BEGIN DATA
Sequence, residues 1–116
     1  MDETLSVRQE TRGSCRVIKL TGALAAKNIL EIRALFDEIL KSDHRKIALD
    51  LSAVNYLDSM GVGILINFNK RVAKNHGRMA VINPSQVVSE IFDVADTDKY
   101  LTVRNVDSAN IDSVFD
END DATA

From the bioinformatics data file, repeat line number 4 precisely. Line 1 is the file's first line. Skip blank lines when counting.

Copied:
   101  LTVRNVDSAN IDSVFD